Turkey surpasses others in schooling rate for refugee children


With its efforts to educate Syrian refugees, Turkey now stands well ahead in the schooling rate of refugee children of grade school age at 96.30 percent, far higher than the world average of 61 percent. Hailed for its humanitarian aid efforts to refugees, Turkey also sets an example in the world in the schooling of refugee children. Access to education for refugee children among more than 3.5 million refugees from that country is now higher than the average schooling rate of refugee children in other countries.

Ministry of National Education data shows that the schooling rate reached 96.3 percent among Iraqi refugee children as well as Syrian children who had to flee their war-torn homeland, Syria, to Turkey and forced to skip grade school. Figures by the Office of the U.N. High Commissioner for Refugees (UNHCR) shows this number is an average 61 percent in the world.

Apart from grade or primary school, the schooling rate is particularly high among children attending middle schools, at 58.13 percent. This number is 33.59 percent for those attending nursery schools and 26.38 percent for high school.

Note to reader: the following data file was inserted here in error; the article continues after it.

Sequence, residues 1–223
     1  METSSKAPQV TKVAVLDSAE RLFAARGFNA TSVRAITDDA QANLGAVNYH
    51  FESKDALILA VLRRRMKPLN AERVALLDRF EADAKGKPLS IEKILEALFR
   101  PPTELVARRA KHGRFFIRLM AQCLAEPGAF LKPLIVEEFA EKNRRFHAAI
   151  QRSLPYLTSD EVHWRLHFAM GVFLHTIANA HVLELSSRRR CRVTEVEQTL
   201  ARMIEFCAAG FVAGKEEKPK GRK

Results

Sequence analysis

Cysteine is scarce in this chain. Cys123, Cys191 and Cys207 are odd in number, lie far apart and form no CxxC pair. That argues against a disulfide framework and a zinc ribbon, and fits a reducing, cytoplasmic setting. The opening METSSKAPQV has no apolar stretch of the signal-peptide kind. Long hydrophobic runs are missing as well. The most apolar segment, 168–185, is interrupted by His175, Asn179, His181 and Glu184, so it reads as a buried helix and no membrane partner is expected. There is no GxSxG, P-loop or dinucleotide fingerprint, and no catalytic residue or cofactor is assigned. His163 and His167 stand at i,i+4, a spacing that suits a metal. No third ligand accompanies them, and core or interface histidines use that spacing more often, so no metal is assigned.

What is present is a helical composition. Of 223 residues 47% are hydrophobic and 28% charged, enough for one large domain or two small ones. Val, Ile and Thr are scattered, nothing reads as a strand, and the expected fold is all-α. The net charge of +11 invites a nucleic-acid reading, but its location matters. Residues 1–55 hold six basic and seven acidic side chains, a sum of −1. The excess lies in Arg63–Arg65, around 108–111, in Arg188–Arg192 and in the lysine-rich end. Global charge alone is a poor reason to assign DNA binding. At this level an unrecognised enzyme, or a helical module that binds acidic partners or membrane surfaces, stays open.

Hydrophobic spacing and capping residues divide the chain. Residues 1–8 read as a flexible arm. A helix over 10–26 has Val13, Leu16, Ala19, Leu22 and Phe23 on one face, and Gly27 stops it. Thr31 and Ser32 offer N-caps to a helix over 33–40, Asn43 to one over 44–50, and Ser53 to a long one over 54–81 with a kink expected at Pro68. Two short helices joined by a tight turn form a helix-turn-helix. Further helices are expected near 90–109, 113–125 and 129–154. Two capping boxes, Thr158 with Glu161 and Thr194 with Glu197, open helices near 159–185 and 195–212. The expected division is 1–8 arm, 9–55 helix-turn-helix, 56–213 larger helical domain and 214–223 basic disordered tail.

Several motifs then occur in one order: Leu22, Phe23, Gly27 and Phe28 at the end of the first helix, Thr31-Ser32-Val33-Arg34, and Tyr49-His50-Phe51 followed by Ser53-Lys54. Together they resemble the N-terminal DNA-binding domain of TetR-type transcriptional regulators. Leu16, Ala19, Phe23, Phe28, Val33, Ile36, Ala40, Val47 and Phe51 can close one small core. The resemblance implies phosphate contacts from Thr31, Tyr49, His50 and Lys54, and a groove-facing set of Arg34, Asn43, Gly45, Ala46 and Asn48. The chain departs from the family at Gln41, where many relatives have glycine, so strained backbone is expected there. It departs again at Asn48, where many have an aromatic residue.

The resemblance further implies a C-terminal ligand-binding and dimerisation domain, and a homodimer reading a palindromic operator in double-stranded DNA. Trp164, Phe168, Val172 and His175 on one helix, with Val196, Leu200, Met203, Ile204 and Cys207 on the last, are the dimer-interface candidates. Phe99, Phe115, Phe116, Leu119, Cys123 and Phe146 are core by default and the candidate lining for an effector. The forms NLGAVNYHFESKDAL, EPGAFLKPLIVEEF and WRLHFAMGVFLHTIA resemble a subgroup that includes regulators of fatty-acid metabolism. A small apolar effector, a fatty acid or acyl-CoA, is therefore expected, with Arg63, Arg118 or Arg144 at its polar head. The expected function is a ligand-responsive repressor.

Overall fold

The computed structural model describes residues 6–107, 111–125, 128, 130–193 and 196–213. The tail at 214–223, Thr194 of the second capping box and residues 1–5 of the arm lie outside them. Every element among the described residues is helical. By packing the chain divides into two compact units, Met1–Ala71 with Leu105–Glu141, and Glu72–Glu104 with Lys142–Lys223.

Turkey hosts 523,677 refugee children in public schools, including 55,419 Iraqi children. They are taught a Turkish curriculum. A sizeable number of refugee children also attend “temporary education centers” that serve as schools for refugee children only. The number of temporary education centers also dropped to 215 from 280. Turkey pursues a drive to enroll more refugee children in public schools rather than understaffed education centers that are temporary as their names imply. The country plans to shut all down by the end of the next school year. There were 250,000 students attending those centers in 2017 compared to 96,841 last year.

As for gender, the number for girls is 262,904, and for boys it is 269,773 for those attending public schools.

The figures are included in a report by the education nonprofit TEDMEM. The TEDMEM report on education of refugee children says that measures to prevent dropouts and boost accessibility are key to increasing schooling rates. It points to lower schooling rates among refugees at the age of 10 and above, adding that these children should be targeted for schooling in the future. The report cites financial challenges as the main reason for dropping out of school for those children. Education is free, but refugee children are sometimes forced to work at an early age to earn a living for their impoverished families.



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